Most mothers in the block prefer three or more babies
The remote Kottampatti block in Madurai district has come under official scrutiny as nearly 18 per cent of eligible mothers in this block reportedly prefer to have more than two children, thus deviating from the family planning norm. Kottampatti is an area of concern for officials because three children or more has become the trend for families here, putting it among the 21 blocks identified as falling under the Higher Order of Birth (HOB) category. Health Department sources told The Hindu on Friday that a report on birth statistics pertaining to the district has shown that Kottampatti block has missed the message of the birth control campaign with ‘eligible couples’ resisting family planning methods.
After analysing the HOB data, the officials found that 331 mothers have three or more children and are not ready to consider adopting family planning procedures.
Taking note of this, the Department of Family Welfare has recently sanctioned Rs.1.8 lakh to the district health officials here for conducting awareness camps exclusive to Kottampatti block. Families will be sensitised about family planning, permanent sterilisation and the need to follow the two-children norm. When contacted, S. M. Ravi, Deputy Director of Medical and Rural Health Services and Family Welfare, said that specific areas falling under the HOB category will be identified and camps would be conducted.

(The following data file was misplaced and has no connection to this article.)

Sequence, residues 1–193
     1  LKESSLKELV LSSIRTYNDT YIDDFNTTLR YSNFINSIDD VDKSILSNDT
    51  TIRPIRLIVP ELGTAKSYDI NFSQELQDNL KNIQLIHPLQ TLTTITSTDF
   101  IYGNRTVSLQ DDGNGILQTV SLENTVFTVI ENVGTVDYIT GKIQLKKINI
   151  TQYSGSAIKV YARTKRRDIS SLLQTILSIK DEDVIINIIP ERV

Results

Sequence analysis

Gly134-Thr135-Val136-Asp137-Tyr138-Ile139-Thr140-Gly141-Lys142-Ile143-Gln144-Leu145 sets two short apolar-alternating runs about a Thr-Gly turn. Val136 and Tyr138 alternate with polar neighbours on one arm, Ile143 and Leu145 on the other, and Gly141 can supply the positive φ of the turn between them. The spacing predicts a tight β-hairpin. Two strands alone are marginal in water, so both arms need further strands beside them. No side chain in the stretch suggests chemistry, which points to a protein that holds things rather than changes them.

For each camp, Rs.15,000 has been allotted for this purpose. During 2011, a total of 1,846 deliveries took place in Kottampatti block of which 331 deliveries involved a third child. Efforts will be taken to motivate men and women in this block towards birth control, Dr. Ravi said and added that the trend could be changed through right intervention. The local Primary Health Centre and medical teams at Karungalagudi will be involved in the exercise.
Meanwhile, S. Elango, former Director of Public Health, Government of Tamil Nadu, has said that HOB needs to be brought down quickly as it poses several social challenges in rural areas.
“There are issues like malnutrition and child labour. The Family Welfare Department will have to work out a strategy for effective results. In some families, the child may not be cared for at all due to the precarious financial condition of the parents,” he cautioned.